Microsoft plans to buy internet telephone network Skype for $8.5 billion, the biggest purchase ever for the world’s largest software company as it seeks to regain ground on growing rivals. The money-losing Skype has 145 million users on average each month and has gained favor among small business users. The deal would also give Microsoft a foothold in the potentially lucrative video-conferencing market. Skype, which is minority owned by eBay, allows people to make calls at no charge but also offers some paid features.
Bankers taking part in the Reuters Global M&A Summit this week told correspondents Quentin Webb and Victoria Howley that despite a recent pickup in global dealmaking, economic fragility, natural disaster and political tumult in the Middle East are hurting corporate confidence and holding back a more robust M&A recovery.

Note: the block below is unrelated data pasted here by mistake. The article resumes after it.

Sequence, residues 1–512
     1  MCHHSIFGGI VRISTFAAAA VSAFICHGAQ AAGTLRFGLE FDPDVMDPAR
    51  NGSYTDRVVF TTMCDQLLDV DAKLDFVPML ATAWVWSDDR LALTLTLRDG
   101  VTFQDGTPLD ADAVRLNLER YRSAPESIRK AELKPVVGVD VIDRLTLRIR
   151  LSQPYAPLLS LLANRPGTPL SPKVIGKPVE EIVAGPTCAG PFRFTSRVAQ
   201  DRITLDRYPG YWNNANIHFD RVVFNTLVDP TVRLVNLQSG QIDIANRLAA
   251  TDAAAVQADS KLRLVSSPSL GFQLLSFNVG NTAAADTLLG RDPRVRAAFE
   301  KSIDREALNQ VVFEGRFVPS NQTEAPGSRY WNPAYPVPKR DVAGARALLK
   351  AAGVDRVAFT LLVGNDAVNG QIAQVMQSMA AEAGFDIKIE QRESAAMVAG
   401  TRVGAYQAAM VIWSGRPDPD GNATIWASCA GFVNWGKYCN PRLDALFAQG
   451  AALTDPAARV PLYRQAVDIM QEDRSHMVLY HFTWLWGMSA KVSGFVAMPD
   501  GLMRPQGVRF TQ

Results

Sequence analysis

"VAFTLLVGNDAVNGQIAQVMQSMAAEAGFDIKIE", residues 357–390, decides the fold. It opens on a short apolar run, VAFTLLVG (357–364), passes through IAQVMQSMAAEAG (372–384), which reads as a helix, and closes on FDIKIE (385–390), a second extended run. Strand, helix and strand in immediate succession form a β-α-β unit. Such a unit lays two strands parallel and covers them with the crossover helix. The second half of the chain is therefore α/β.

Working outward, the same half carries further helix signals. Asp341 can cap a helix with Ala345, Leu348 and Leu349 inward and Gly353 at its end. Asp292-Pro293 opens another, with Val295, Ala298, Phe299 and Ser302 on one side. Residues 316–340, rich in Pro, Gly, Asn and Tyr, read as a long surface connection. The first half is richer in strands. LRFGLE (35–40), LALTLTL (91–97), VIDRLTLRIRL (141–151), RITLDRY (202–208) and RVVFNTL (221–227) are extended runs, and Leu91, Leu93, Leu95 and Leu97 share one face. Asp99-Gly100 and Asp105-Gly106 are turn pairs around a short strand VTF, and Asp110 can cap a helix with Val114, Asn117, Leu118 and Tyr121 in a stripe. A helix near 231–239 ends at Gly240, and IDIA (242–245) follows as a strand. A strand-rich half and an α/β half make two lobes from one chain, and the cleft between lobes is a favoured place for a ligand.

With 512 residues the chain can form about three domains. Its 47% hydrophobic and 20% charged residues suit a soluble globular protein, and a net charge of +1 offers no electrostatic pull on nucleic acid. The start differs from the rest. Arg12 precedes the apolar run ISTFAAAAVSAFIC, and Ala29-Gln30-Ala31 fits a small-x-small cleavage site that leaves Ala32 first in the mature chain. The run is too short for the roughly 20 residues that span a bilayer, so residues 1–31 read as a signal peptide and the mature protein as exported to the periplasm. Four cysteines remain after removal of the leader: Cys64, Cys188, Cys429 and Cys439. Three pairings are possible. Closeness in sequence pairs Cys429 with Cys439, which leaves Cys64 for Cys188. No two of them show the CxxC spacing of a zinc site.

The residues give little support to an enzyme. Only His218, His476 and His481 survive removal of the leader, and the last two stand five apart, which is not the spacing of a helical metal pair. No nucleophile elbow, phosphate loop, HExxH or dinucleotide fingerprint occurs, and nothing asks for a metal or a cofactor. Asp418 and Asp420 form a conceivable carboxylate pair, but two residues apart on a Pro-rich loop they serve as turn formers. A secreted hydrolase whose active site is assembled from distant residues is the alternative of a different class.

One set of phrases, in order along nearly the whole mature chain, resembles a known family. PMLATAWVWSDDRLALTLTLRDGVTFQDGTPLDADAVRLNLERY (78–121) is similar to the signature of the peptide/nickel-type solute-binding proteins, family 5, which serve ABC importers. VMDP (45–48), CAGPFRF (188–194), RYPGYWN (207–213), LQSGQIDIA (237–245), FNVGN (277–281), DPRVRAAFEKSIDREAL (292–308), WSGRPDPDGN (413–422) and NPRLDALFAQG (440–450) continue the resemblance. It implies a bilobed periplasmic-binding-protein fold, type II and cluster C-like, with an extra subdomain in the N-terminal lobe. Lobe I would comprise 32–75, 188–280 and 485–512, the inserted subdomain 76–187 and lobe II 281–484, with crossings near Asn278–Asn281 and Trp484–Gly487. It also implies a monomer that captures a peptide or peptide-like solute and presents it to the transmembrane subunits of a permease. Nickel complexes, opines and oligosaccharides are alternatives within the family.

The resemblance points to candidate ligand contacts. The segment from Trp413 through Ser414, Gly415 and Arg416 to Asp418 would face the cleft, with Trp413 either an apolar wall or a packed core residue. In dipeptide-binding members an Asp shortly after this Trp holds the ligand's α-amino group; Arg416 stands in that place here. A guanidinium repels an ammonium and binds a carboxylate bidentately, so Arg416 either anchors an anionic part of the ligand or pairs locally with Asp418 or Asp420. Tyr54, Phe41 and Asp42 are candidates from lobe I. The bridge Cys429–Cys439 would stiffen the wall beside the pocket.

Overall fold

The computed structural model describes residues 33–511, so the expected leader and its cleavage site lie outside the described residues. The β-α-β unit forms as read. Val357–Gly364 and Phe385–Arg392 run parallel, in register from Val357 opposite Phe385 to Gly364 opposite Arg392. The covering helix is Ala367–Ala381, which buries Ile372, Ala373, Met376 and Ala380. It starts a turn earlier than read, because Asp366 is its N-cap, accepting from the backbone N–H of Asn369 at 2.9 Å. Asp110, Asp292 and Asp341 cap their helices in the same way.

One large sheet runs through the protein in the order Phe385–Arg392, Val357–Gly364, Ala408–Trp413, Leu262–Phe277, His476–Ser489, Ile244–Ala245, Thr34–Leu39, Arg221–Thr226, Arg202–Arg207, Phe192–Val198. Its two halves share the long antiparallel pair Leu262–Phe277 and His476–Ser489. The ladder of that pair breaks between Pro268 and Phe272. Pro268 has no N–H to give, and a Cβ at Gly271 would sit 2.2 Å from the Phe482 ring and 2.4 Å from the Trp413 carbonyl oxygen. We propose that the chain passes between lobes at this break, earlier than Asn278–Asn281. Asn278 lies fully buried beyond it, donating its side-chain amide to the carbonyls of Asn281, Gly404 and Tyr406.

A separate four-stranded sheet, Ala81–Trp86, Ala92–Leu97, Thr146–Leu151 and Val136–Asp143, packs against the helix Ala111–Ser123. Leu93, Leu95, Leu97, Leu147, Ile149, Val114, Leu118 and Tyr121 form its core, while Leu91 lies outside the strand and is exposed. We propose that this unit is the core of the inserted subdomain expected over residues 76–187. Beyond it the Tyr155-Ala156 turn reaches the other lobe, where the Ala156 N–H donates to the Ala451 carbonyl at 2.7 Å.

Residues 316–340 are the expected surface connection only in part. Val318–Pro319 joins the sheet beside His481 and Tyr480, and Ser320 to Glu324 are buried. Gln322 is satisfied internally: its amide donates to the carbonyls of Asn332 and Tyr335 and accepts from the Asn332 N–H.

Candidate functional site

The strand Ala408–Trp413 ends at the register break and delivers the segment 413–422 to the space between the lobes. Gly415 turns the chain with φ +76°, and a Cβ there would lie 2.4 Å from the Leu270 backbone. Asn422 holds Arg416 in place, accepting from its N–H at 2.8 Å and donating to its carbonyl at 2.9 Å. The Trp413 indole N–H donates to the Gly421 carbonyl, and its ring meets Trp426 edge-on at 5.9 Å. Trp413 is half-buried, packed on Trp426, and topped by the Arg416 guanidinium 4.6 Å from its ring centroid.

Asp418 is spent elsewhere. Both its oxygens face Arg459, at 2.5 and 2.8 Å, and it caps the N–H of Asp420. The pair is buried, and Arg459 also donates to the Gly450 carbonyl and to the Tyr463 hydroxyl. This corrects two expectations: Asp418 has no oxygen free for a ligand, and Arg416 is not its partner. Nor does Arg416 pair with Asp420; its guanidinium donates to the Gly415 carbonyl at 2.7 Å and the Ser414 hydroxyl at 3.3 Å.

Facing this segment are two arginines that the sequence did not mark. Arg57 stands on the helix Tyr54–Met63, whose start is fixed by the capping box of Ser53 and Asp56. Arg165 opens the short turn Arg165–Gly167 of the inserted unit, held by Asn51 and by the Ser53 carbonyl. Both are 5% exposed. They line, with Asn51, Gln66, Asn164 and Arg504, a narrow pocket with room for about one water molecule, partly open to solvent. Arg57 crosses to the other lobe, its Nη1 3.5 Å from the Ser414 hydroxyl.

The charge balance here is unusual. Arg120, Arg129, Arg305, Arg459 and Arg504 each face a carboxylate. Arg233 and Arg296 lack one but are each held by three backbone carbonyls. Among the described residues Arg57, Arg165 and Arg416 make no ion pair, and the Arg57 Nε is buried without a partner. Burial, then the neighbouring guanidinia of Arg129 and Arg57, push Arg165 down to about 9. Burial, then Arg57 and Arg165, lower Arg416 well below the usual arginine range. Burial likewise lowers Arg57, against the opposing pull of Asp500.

“Britain’s takeover watchdog has unveiled proposals to make hostile bids harder but stopped short of endorsing the most radical proposals floated following the controversial takeover of Cadbury by Kraft Foods,” writes Quentin Webb. *View article
News and views on the fund industry from Reuters and elsewhere:
KKR buys Avantha stake ahead of IPO – Economic Times Paulson’s flagship fund wipes off year’s losses in September – Reuters Nicola Horlick launches film script company – Independent NAPF urges UK companies to ‘mention the pension’ – Reuters
Boeing defense chief Dennis Muilenburg startled many this week when he told the Reuters Aerospace and Defense Summit he would not rule out the possibility of a large-scale merger. Is he sending up a trial balloon to gauge the Pentagon’s reaction? *View article *Read more at the Aerospace and Defense Summit
Nobody can question Eastman Kodak‘s intention in raising some $700 million. Getting a commitment from private equity firm Kohlberg Kravis Roberts to buy up to $400 million of its debt is also a perfectly logical step for the old-economy stalwart as it lumbers into the digital age. What KKR is thinking is another matter.